Coup turning Fiji economy sour

Sugar industry faces collapse if EU cancels aid package.

    Tourism, which provides jobs for 50,000 Fijians, has plunged, with arrivals dropping 80 per cent
    The coup has already had an impact on other sectors of the economy.
    Tourism, which employs 50,000 people directly and indirectly and accounts for 49 per cent of Fiji’s foreign exchange earnings, has plunged, with arrivals falling by up to 80 per cent in recent weeks.
    The South Pacific nation is still expected to attract 550,000 visitors this year but this could fall by up to 30 per cent next year, according to Viliame Gavoka, Fiji's visitors bureau chief.
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    He was basing his prediction on the impact to the industry by Fiji’s 2000 coup.
    Bookings by national airline Air Pacific have dropped 40 per cent from normal levels.
    In another potential blow to the economy, Australia’s Emperor Mines said on Tuesday it was shutting its 71-year-old Vatukoula gold mine in Fiji.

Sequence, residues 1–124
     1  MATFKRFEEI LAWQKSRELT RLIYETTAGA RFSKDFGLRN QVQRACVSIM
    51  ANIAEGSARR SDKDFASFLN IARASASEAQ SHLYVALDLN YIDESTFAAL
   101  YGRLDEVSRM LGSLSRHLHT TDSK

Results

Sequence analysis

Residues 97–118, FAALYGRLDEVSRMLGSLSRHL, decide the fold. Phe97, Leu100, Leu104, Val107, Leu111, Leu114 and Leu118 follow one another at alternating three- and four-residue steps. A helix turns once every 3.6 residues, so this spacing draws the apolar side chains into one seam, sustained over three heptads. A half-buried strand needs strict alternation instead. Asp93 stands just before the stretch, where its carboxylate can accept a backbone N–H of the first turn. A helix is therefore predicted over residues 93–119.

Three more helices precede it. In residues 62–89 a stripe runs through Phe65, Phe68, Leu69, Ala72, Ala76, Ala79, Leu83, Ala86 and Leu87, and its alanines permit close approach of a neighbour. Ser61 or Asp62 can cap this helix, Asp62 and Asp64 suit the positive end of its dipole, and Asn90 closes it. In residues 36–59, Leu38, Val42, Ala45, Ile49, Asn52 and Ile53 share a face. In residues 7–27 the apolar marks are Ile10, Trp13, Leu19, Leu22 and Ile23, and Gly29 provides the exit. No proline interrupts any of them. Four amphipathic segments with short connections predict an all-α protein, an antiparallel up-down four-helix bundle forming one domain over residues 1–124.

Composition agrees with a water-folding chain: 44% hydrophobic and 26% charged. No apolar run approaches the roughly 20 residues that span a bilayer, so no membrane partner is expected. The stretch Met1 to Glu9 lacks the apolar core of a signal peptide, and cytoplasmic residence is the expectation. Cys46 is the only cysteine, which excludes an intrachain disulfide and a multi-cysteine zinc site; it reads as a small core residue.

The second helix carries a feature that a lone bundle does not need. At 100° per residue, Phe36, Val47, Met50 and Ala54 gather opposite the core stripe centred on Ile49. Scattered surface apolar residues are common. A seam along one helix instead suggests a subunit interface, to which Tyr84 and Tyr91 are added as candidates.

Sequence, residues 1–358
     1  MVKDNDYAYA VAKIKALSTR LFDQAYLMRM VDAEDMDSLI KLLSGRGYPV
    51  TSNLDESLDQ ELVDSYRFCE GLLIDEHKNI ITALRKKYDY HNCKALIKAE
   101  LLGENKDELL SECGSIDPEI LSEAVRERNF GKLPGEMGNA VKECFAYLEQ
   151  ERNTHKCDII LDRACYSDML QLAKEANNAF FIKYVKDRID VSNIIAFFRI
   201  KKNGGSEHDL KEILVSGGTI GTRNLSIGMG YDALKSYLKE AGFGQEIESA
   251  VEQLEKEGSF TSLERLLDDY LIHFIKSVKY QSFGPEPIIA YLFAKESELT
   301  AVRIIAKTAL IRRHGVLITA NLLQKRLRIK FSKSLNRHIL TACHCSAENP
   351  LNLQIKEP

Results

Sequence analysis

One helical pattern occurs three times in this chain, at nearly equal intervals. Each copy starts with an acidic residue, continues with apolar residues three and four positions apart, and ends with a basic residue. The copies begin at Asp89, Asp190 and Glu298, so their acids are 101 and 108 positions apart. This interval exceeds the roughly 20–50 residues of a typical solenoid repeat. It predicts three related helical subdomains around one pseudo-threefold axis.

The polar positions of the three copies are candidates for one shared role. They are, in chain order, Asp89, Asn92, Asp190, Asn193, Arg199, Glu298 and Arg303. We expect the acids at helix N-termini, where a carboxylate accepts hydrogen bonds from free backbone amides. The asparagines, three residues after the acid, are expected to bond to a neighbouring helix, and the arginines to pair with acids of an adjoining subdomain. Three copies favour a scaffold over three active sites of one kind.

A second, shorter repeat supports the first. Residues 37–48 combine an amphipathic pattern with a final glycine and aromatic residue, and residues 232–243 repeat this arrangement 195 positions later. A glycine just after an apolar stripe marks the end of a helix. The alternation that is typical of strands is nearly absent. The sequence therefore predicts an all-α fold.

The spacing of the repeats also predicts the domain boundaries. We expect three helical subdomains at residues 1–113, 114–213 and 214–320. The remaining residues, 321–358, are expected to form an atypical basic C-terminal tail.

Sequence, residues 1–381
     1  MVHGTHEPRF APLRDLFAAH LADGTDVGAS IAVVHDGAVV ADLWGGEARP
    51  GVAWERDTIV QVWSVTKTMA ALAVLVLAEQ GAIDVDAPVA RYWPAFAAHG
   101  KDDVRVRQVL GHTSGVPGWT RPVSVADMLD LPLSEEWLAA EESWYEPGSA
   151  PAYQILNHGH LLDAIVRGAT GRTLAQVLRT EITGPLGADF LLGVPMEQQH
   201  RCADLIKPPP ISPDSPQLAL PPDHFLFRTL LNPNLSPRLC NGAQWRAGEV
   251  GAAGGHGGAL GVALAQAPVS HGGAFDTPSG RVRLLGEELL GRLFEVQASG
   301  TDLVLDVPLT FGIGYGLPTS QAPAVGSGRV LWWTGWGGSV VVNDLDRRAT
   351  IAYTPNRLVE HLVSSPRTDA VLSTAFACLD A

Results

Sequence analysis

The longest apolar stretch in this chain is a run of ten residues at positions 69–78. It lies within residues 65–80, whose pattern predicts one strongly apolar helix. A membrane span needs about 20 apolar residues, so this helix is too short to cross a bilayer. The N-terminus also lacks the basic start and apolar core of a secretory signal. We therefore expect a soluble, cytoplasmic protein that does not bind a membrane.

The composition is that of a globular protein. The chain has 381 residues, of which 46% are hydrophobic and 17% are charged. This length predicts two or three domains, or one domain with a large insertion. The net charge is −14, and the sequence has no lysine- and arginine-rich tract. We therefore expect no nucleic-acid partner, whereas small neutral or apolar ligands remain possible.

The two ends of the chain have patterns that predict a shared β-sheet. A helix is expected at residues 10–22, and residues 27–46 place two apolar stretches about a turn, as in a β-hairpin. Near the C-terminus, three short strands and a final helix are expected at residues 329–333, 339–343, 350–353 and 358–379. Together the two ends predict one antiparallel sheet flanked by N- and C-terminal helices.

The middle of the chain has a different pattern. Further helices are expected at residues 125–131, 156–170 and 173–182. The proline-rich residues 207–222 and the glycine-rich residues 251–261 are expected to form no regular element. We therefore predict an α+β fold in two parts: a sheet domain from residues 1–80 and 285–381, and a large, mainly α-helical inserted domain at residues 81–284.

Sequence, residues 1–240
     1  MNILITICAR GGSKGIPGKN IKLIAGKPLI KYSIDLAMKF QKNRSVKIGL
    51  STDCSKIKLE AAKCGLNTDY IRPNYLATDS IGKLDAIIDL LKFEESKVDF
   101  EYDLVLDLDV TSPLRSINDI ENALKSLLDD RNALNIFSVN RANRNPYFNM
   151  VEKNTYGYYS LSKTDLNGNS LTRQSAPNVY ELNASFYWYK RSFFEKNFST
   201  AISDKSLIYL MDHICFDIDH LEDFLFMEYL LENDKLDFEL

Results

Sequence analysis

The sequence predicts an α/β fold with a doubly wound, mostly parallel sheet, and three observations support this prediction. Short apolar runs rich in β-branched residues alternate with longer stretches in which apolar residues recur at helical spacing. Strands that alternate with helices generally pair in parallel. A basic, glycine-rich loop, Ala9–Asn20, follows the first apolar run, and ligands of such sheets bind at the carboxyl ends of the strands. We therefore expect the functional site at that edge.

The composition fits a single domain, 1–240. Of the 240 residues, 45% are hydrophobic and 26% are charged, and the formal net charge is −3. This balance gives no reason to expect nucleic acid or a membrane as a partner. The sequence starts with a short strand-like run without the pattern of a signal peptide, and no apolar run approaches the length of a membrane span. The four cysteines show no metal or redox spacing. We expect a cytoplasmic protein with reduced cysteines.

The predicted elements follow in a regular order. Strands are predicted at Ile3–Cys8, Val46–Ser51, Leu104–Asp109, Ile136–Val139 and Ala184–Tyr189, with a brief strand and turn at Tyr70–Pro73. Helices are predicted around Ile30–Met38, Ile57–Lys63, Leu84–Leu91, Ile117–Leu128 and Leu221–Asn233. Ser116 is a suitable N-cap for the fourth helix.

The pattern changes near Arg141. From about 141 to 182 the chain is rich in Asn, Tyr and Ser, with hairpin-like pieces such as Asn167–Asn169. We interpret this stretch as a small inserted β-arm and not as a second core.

The move will lead to the loss of 1,700 jobs on the island of Viti Levu. Company leaders said the planned closure is not related to the coup but mounting financial losses.
    Meanwhile, Fiji’s interim government has dropped a tax increase planned by Laisenia Qarase, the deposed prime minister.
    Qarase had planned to raise taxes on all goods and services by 2.5 per cent.
    The increase, scheduled to take effect on New Year's Day 2007, was especially unpopular among low-income earners, as it would have boosted prices of groceries and other staples.
    The military has also confirmed it would go ahead with a 2 per cent wage rise for Fiji's more than 20,000 public servants.
    Since the December 5 coup, Commodore Frank Bainimarama, the military commander who led the coup, has sought to assure Fijians and potential tourists that his takeover need not disrupt the running of the country - despite his declaring a state of emergency with armed soldiers patrolling streets throughout the capital, Suva.
    He has encouraged businesses to return to normal life, saying on Monday the initial phase of what he called "this peaceful transition" was almost over.
    He has promised to appoint an interim government that will eventually call elections to restore democracy.

    SOURCE: Agencies


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